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Just behind the dam wall on Fernilee reservoir you will see what is known as the valve shaft.
 
It is the round building that sticks up above the water line and there is access via an iron walkway. Unfortunately the gate and door are both locked so you can’t get in.
 
If you walk by the building you will see that a lot of the stones, which came from Errwood Hall by the way, are painted green.
This was done during the war to prevent any of the ever alert Luftwaffe pilots from seeing it and deciding to drop a bomb on it perhaps resulting in the demolition of the reservoir and the loss of all the drinking water.
 
This must have seemed a very good idea at the time but surely any Luftwaffe pilot or squadrons of them even might not have noticed the newly camouflaged Valve Shaft but they would have certainly needed some windolene on their goggles if they failed to notice an 86 acre stretch of water held back by a completely straight line which was the dam wall.
 
I suspect it was a branch of Captain Mainwaring’s Home Guard who undertook the work.
 
R. S-S
 
Below is a photo of the Discharge Tunnel Bottom Heading just to show some of the conditions the men worked in.
 
 

R. Stephenson-Smythe  
#72 Posted : 07 September 2011 08:55:20(UTC)
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When the Goyt Valley and Kinder Schemes were drawn up to supply much needed water for the population it became apparent that some houses were too high to receive the water from those dams.
This mainly concerned the higher parts of Disley and so alternative arrangements and plans had to be made and these were carried out at the same time as the construction of Fernilee Reservoir.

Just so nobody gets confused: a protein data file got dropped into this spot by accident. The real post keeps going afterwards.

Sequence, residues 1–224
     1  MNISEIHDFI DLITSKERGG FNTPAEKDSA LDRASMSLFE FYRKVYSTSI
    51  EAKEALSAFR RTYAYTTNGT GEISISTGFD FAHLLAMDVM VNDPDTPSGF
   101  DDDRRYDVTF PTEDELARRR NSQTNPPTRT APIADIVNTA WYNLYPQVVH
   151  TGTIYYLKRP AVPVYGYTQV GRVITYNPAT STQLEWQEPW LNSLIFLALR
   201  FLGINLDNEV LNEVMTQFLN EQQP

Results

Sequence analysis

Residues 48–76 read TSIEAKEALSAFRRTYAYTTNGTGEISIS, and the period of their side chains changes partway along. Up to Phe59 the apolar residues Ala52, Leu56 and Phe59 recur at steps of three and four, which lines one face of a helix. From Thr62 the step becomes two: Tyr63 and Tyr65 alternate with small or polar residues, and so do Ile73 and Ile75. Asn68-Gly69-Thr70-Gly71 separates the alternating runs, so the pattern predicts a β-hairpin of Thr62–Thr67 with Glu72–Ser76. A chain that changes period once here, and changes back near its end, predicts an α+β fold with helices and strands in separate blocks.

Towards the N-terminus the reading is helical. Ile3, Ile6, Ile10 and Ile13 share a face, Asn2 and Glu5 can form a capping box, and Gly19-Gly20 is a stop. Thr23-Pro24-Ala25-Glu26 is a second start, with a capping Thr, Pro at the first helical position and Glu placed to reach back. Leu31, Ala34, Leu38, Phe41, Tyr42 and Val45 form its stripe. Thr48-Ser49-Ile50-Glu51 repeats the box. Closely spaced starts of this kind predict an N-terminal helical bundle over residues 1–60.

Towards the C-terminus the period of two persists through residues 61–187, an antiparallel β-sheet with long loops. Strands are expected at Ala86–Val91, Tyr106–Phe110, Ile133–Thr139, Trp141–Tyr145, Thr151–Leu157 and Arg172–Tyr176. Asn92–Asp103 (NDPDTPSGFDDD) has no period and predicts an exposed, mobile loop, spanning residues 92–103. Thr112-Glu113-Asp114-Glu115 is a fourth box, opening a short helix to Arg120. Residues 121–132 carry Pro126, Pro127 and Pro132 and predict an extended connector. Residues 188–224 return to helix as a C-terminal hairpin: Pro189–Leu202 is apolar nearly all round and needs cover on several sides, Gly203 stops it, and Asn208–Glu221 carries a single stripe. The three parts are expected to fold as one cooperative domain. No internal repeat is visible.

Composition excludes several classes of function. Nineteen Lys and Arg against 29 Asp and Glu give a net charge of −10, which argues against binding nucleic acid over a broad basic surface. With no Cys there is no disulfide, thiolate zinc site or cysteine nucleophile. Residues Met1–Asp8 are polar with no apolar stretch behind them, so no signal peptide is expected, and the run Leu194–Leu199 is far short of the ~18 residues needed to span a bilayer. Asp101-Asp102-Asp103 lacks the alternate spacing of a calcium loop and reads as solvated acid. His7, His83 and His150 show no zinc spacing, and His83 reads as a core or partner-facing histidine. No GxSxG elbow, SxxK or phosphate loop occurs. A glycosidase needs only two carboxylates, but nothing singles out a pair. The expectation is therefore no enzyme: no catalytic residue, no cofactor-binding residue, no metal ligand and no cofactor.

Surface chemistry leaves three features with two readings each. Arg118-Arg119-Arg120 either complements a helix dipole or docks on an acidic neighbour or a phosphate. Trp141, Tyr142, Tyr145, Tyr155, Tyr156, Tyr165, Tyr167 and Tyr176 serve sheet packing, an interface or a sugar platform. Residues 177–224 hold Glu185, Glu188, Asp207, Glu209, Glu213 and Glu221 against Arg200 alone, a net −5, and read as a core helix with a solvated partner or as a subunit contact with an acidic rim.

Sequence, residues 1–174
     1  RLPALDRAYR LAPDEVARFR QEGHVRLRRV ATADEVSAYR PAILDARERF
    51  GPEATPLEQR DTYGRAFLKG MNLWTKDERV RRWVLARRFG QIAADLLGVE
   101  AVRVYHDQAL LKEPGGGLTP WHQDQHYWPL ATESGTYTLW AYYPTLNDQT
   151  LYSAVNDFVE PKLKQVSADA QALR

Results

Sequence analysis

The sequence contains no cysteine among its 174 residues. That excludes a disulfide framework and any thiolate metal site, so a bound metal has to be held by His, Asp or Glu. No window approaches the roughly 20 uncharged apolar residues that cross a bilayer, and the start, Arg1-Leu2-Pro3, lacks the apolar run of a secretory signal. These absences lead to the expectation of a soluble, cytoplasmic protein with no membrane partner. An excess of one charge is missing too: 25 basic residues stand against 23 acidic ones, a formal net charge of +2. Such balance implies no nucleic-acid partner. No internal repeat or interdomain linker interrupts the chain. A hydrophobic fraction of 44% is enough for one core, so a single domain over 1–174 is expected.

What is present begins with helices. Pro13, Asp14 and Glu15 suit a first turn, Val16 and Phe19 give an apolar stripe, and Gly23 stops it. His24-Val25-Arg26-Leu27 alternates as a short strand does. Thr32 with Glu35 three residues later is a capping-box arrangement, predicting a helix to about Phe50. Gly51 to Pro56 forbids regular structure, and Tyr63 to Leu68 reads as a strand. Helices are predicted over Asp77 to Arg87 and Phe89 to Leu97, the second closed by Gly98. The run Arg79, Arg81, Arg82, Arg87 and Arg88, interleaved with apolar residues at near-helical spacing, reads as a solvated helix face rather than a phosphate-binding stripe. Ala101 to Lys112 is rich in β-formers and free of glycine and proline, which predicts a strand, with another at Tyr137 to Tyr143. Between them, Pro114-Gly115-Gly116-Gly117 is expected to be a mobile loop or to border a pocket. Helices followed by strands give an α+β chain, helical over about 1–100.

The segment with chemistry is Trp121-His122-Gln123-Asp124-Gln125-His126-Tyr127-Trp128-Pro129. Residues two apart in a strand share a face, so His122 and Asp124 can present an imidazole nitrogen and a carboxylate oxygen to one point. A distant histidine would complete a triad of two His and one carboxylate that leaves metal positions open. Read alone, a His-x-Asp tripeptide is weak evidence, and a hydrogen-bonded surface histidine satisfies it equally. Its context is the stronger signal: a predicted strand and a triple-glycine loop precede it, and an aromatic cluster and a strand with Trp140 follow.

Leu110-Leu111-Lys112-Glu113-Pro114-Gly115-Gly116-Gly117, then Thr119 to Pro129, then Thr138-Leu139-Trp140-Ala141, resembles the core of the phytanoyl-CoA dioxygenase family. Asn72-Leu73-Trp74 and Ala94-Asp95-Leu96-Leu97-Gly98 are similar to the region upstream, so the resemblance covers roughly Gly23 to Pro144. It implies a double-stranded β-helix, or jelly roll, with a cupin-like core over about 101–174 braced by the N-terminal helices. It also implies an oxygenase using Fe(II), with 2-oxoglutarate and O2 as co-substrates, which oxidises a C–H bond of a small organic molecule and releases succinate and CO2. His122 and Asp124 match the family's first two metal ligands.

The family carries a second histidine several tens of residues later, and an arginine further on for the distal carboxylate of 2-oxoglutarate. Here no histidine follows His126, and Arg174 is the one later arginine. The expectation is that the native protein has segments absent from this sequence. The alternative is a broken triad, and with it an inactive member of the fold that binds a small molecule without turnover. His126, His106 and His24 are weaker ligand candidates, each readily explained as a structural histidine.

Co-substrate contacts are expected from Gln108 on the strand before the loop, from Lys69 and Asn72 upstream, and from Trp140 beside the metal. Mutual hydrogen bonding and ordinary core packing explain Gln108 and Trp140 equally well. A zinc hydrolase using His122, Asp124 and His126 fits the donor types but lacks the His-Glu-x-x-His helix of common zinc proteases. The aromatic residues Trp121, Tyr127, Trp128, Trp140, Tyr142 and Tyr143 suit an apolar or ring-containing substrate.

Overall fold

If you remember on an earlier thread I described the quarry further up the Goyt Valley where Pickford’s the removal company started out in business. The water board engineers determined that this spot was high enough to create another new, hidden reservoir and take the water using gravity only to another new, hidden reservoir high on Disley tops.
Travelling from Whaley this is a few hundred yards past the Murder Stone on the left hand side. It was actually re-constructed by Henry Boot Limited of Sheffield in 1991.
 
But it was a bigger job in the 1930’s no doubt and how they did it I have no idea.
 
A concrete tank was cast at Goyt’s Clough to hold 250,000 gallons of water taken from the river and a cast iron 12 inch pipe was laid through whatever terrain they came across for seven and a half miles to Higher Disley.
 
And guess what? They got the levels spot on.
 
So that’s two more reservoirs within the scheme that few people even know about.
 
I am certain Shallcross has photos of the pipe laying on this section of the contract and maybe, if he has, he will allow us to see them on here.
 
In the meantime here is a photo of the approximate location.
 
R. S-S
 

RockBanker  
#73 Posted : 07 September 2011 10:28:57(UTC)
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Thank you for that R-SS. I have often wondered its purpose. It is one of Mrs Rock Banker's and my favourite spots, with the reservoir overflow forming a delightful little cascade down to the stream below, and a couple of benches that are relatively midge-free in the summer, making a pleasant picnic spot.

At the risk of generating outrage from those who consider the photographic image to be sacred, I have taken the liberty of indicating, with a broad yellow line, the approximate location of the reservoir in your picture for those who may be inspired to search it out for themselves.
RockBanker attached the following image(s):
res1.jpg
Rock "Yellow Alert" Banker

TheShallcrossCode@hotmail.co.uk
shallcross  
#74 Posted : 11 September 2011 19:39:11(UTC)
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There are a numbr of photos that refer to the pipe laying on the old CHPR railway track I had wondered why they would need pipes laying above the water level of the reservoir and this is probably the reason why, to transport water from higher up the valley seems a logical reason.

shallcross attached the following image(s):
IMG_0004.jpg
IMG_0013.jpg
Shallcross